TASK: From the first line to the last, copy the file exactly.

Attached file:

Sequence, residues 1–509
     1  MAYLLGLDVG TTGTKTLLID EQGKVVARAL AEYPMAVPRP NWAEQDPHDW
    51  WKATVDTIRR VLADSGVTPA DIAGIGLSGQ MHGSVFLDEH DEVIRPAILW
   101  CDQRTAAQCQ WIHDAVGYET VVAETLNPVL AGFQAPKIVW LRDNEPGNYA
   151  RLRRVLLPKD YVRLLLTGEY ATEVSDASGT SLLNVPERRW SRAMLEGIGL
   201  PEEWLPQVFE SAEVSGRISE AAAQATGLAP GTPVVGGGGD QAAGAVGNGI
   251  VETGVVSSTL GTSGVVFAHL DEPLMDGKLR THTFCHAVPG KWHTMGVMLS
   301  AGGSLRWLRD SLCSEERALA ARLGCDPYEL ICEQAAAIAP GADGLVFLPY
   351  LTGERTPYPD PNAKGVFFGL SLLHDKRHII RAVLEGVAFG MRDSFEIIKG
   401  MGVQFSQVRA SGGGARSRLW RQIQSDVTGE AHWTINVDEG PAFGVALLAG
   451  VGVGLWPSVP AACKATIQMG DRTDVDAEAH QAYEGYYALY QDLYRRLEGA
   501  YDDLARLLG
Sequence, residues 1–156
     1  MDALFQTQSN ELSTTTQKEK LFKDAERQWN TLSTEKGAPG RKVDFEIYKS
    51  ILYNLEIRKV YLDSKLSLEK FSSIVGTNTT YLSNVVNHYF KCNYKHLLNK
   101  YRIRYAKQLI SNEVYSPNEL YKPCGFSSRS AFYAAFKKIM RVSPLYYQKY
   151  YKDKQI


Sequence, residues 1–509
     1  MAYLLGLDVG TTGTKTLLID EQGKVVARAL AEYPMAVPRP NWAEQDPHDW
    51  WKATVDTIRR VLADSGVTPA DIAGIGLSGQ MHGSVFLDEH DEVIRPAILW
   101  CDQRTAAQCQ WIHDAVGYET VVAETLNPVL AGFQAPKIVW LRDNEPGNYA
   151  RLRRVLLPKD YVRLLLTGEY ATEVSDASGT SLLNVPERRW SRAMLEGIGL
   201  PEEWLPQVFE SAEVSGRISE AAAQATGLAP GTPVVGGGGD QAAGAVGNGI
   251  VETGVVSSTL GTSGVVFAHL DEPLMDGKLR THTFCHAVPG KWHTMGVMLS
   301  AGGSLRWLRD SLCSEERALA ARLGCDPYEL ICEQAAAIAP GADGLVFLPY
   351  LTGERTPYPD PNAKGVFFGL SLLHDKRHII RAVLEGVAFG MRDSFEIIKG
   401  MGVQFSQVRA SGGGARSRLW RQIQSDVTGE AHWTINVDEG PAFGVALLAG
   451  VGVGLWPSVP AACKATIQMG DRTDVDAEAH QAYEGYYALY QDLYRRLEGA
   501  YDDLARLLG
Sequence, residues 1–156
     1  MDALFQTQSN ELSTTTQKEK LFKDAERQWN TLSTEKGAPG RKVDFEIYKS
    51  ILYNLEIRKV YLDSKLSLEK FSSIVGTNTT YLSNVVNHYF KCNYKHLLNK
   101  YRIRYAKQLI SNEVYSPNEL YKPCGFSSRS AFYAAFKKIM RVSPLYYQKY
   151  YKDKQI